Sunday roast trend highlights grim reality of cost of living

Meal planning, making fewer Sunday roasts and ditching alcohol are some of the diet changes Britons are making as a result of the cost of living crisis, according to new research.

A survey of 3,000 people has found that people have cut consumption of alcohol by as much as 22 per cent, while a fifth of respondents said they are buying less red meat and avoiding snacking in between meals.

A significant change in eating habits is the abandonment of the Sunday roast. As more than one in five stated they are using their oven as little as possible, 26 per cent of people said they are less likely to make the traditional offering on a weekly basis.

Of those surveyed, 18 per cent said they have switched off their oven for good and no longer use it.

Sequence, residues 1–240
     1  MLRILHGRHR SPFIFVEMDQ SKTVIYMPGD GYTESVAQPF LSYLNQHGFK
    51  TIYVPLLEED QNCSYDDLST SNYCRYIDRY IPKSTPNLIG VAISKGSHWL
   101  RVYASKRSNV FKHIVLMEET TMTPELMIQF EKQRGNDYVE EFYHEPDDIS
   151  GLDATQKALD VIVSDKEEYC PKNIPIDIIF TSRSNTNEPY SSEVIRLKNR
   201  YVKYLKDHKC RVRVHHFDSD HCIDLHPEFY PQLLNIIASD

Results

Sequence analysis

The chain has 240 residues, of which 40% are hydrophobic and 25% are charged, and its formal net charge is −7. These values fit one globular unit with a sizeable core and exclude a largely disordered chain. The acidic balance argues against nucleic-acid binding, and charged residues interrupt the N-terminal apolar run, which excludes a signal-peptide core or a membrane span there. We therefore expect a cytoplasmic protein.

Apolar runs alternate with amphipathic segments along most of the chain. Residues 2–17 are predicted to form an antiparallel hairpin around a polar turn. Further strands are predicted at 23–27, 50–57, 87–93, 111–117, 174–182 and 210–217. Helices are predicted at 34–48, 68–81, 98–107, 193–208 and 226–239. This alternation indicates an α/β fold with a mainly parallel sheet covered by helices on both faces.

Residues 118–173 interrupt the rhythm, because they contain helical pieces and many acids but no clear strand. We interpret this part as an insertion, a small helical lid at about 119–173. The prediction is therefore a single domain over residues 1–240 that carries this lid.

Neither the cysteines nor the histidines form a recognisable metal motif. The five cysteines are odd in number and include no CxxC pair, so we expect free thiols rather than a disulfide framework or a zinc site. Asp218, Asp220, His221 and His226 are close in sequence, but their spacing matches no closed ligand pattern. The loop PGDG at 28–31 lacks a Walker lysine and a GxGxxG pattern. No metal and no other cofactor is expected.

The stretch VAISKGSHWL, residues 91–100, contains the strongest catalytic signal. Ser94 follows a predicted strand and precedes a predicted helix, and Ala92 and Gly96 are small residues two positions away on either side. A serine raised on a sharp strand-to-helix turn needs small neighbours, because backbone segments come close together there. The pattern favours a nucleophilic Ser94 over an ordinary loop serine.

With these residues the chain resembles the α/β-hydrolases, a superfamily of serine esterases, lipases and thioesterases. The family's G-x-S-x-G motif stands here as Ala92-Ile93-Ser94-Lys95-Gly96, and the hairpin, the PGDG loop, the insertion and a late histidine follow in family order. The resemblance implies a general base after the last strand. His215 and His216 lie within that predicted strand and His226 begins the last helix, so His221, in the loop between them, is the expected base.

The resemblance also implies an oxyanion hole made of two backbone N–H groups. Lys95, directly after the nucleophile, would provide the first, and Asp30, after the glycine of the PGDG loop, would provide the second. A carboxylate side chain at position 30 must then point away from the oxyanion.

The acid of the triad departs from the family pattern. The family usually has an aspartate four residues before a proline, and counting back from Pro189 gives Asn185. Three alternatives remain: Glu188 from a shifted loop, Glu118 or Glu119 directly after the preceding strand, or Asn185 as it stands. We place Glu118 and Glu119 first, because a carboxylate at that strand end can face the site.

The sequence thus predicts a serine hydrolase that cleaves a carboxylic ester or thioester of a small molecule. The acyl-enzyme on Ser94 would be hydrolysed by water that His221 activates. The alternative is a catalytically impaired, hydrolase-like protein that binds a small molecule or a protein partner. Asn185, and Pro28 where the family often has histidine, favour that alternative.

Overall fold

The news comes as people across the UK are struggling to afford their gas and electricity bills, and food prices continue to rocket. The Bank of England has forecasted that inflation will likely rise to 11 per cent in October.

Last month, retail data company Kantar predicted that shoppers could expect to see their food and grocery bills increase by more than £500 per year, with items such as butter, milk and poultry seeing the biggest jump in price.

According to the BBC’s Good Food Nation survey, almost a third of shoppers are swapping branded items for supermarket own brands in a bid to curb costs, while a quarter are shopping less frequently.

Additionally, 22 per cent of people said they no longer stick to a single supermarket and will shop around for deals and reductions instead.

Some parents are opting to send their kids to school with packed lunches (15 per cent) as opposed to paying for school dinners, while others have changed what they pack for their children to save money (30 per cent).

Meanwhile some adults said they are implementing meal planning around ingredients they already have that are set to expire.

The survey also asked children aged between five and 16 about how their families could increase budgeting. The top responses were using up food that is already in the house (61 per cent) and buying cheaper ingredients (55 per cent).

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